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Opera Star Andrea Bocelli On Finishing His Master's And His 'Passion For Life'

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BOCELLI
Andrea Bocelli earned his master's degree this Fall. | Courtesy Photo

It's not uncommon for folks at the top of their fields to take up teaching at universities, the sight of their names widening the eyes of eager undergraduates scanning the term's available courses. It is, however, almost curious when an expert such as Andrea Bocelli signs up for coursework himself.

But that's precisely what the 55-year-old opera singer did. This October, Bocelli -- one of only a handful of opera singers known to pop audiences -- completed a master's degree with top honors in vocal performance from The Conservatory of Music, Giacomo Puccini in La Spezia, Italy. The tenor sought the wisdom of peers like Plácido Domingo as he worked his way through the university, where he was joined by his own son (the latter completing courses on piano). The journey ended when Bocelli presented his thesis, titled “The Value and Meaning of Opera Singing at the Beginning of the Third Millennium."

Ahead of Bocelli's Dec. 11 performance at the Barclays Center (where he'll perform in support of "Love in Portofino," his new CD/DVD compilation that includes his legendary performance in that Italian village), we traded emails with the opera star about what it was like to return to school and how he plans to incorporate his furthered understanding of his craft into his performances. Our inquiries and his replies (translated by the singer's team) are available below.

How does this particular tour mark an evolution for you as an artist?
The feeling of an evolution is a constant for every artist who is pursuing the search of refinement and enlargement of his/her own means of expression. Personally I can say that this professional period - that is surely reflected in the content of my tour – is for me a stimulating and positive time of growth….With maturity I think I have acquired from the interpretative point of view as well as from the technical one too, a certain solidity which allows me a three hundred and sixty degrees freedom also from the point of view of the repertoire addressed. The lineup of this tour is really demanding it requires a constant commitment and continuous “jumping through the hoops” as far as the voice is concerned. The part dedicated to the operatic repertoire is very wide, though ranging from Donizetti to Puccini, from Meyerbeer to Gounod, the concert will focus on Giuseppe Verdi, a composer (whose birth bicentenary we are celebrating this year) who, like nobody else, has been able to tell in music human passions, through timeless works like “Rigoletto,” “Il trovatore and many others. There will also be famous popular romanzas and songs from my most recent recordings and also sacred pages related to the upcoming Christmas season. In short we will have the possibility to exchange wishes through music.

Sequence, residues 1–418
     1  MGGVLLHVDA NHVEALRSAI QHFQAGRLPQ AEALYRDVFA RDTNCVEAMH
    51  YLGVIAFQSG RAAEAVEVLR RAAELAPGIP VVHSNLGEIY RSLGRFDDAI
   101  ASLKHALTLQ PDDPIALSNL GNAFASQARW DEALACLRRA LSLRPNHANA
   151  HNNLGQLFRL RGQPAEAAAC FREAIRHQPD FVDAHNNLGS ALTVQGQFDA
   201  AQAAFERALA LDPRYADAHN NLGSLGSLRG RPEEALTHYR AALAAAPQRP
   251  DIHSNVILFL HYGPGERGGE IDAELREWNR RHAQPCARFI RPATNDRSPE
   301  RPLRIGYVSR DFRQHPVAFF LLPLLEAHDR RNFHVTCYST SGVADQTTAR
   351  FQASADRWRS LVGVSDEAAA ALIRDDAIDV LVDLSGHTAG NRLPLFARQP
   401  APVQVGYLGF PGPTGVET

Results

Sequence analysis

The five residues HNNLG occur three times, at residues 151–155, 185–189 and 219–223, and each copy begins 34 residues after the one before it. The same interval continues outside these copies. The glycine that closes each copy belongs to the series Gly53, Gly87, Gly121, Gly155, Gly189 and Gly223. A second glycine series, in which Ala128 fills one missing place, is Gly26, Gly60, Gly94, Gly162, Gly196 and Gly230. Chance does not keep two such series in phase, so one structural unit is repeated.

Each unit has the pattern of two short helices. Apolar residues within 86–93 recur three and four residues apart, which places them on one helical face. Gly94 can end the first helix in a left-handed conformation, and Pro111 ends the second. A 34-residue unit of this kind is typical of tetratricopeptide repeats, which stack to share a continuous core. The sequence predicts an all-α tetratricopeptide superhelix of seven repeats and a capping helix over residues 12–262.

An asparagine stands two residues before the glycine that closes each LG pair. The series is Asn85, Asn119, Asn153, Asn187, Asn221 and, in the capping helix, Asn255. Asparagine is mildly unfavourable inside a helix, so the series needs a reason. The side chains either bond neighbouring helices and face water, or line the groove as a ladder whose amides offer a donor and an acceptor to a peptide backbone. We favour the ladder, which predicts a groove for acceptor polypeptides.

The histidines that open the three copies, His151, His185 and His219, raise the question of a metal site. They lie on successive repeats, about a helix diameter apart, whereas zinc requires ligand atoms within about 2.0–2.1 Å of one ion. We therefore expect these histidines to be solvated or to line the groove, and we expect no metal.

What was the reception of the university when you first said that you were interested in going back to school? Were they surprised?
If there was any wonder about it, it faded away at the time when they were able to see the honesty and the seriousness of my intention. To get back to school at my no longer young age has been an interesting and challenging bet. A quarter of a century since I graduated in law, I wanted to face from another point of view the issues that have, anyway, marked my professional life. Besides I have had the pleasure and the privilege to be for some time the school mate of my son Amos (he is studying piano at the same conservatory) and to show him through the example, the importance of learning and the willingness to learn always, in every season of life, with the necessary humility.

Did spending time thinking strictly academically about performing and music enrich your understanding of your craft?
It is unlikely that an academic study has an immediate impact on professional life. The adventure of graduating has anyway enriched my knowledge: I have been able to deepen topics that - after twenty years of career – I perceive as fundamental. In preparing my thesis I have had the pleasure of collecting testimonies from colleagues such as Plácido Domingo but also from singing teachers and musicologists. The entire course of study has confirmed what I already thought, that the value and meaning of opera singing, at the beginning of the third millennium, remain intact. In fact they have acquired further and wider characteristics, because in front of the predominant risk of giving way to superficiality in every field of expression, opera singing is able to deal with such a drift: it is a form of art that uplifts the spirit and allows expressing the inexpressible. Opera singing is in every way of inestimable value; a real heritage for all mankind that has been reached over centuries of studies, attempts, flights of the spirit.